Fig. 3: SOD (U mg-1 protein) activity in liver, kidney and gills of tilapia fish exposed to dried cyanobacterial cells after 5 and 10 days from the investigation period. Vertical bars indicate SE, n = 3

As far as SOD and CAT activities are concerned, a simultaneous induction response is usually observed after exposure to pollutants (Dimitrova et al., 1994). Li et al. (2003) reported enhanced SOD and CAT activities in the hepatocytes of common carp (Cyprinus carpio L.), induced by MC-LR. Recently, Jos et al. (2005) reported that when tilapia fish were exposed to cyanobacterial cells under laboratory conditions the antioxidant enzymes (SOD, CAT, GPx and GR) activities were induced. The results of this investigation suggest that the antioxidant enzymes are induced as a defense mechanism (Jos et al., 2005). On the other hand, the liver was the most affected organ in all cases because microcystins are potent hepatotoxins in mammals and fish (Fisher and Dietrich, 2000; Towner et al., 2002; Jos et al., 2005).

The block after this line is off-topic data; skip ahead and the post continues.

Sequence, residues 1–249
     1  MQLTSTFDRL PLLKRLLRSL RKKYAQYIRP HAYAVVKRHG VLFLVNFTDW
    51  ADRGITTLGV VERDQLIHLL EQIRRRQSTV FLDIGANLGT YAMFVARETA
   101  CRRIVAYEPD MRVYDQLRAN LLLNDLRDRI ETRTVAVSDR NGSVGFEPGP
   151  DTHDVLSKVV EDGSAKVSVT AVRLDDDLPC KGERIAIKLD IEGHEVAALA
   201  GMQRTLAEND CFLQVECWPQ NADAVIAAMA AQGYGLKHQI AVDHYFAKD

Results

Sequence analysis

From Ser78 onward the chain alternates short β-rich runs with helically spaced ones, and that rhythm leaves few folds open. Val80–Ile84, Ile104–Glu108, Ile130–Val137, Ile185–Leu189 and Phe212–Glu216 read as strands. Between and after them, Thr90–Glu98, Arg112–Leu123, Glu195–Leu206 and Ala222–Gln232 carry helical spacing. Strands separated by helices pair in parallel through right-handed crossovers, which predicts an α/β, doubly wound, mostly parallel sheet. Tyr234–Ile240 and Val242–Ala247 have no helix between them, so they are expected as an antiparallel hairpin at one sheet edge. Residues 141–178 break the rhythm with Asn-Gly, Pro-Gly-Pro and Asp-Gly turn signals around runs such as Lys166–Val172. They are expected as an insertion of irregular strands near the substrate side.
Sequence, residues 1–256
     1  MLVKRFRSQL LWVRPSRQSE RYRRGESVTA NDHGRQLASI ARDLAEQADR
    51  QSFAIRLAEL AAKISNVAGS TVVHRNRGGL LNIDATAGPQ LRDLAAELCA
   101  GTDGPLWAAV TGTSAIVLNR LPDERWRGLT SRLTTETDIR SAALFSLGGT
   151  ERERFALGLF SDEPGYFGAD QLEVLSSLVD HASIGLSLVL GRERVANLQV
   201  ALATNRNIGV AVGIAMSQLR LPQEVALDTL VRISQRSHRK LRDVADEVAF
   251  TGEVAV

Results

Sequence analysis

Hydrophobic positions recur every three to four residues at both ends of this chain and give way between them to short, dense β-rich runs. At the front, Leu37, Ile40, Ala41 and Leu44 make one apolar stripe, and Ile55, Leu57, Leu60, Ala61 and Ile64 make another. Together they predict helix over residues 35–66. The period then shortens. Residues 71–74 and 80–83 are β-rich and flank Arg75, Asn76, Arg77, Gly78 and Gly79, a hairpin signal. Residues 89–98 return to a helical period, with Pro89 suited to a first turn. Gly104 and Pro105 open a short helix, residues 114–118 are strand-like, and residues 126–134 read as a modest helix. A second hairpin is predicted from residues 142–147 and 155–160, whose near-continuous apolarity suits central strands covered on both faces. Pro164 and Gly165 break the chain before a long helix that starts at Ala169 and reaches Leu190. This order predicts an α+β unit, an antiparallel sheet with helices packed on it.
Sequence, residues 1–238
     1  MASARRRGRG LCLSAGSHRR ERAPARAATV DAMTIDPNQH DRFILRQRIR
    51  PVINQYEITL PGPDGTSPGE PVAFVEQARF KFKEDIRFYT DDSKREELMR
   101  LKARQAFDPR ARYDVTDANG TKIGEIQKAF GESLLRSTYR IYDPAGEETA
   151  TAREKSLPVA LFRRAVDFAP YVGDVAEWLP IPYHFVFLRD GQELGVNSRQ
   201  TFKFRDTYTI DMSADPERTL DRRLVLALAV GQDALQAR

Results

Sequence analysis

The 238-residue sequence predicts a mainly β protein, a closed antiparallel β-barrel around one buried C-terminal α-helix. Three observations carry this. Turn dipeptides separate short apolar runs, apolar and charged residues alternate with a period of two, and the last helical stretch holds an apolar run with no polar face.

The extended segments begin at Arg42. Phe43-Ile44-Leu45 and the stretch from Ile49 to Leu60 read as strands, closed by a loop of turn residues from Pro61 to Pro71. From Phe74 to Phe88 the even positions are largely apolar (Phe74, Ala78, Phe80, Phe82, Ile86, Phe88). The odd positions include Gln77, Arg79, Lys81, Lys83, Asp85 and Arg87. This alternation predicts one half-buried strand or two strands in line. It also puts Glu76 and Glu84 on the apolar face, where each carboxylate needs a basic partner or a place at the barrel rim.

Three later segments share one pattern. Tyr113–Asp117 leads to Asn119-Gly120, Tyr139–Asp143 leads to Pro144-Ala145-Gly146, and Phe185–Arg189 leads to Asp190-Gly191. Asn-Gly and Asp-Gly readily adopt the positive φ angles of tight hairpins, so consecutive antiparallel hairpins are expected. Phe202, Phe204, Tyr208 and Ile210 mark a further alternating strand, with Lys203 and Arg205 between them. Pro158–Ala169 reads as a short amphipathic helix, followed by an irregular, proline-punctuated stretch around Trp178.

Table 1: Microcystins concentrations in liver muscle and faeces of Tilapia (Oreochromis niloticus)

The kidney was the next most affected organ. This agrees with the results obtained by other researchers who reported kidney lesions induced by MC-LR in fish (Rabergh et al., 1991; Kotak et al., 1996; Fisher and Dietrich, 2000; Jos et al., 2005). Finally, gills were the least affected organs. Some laboratory studies have shown that the gill and skin epithelia of freshwater fish form a barrier to microcystin transport (Tencalla et al., 1994; Bury et al., 1995) and, consequently, ingestion may be the most probable route for microcystin uptake in fish (Bury et al., 1998).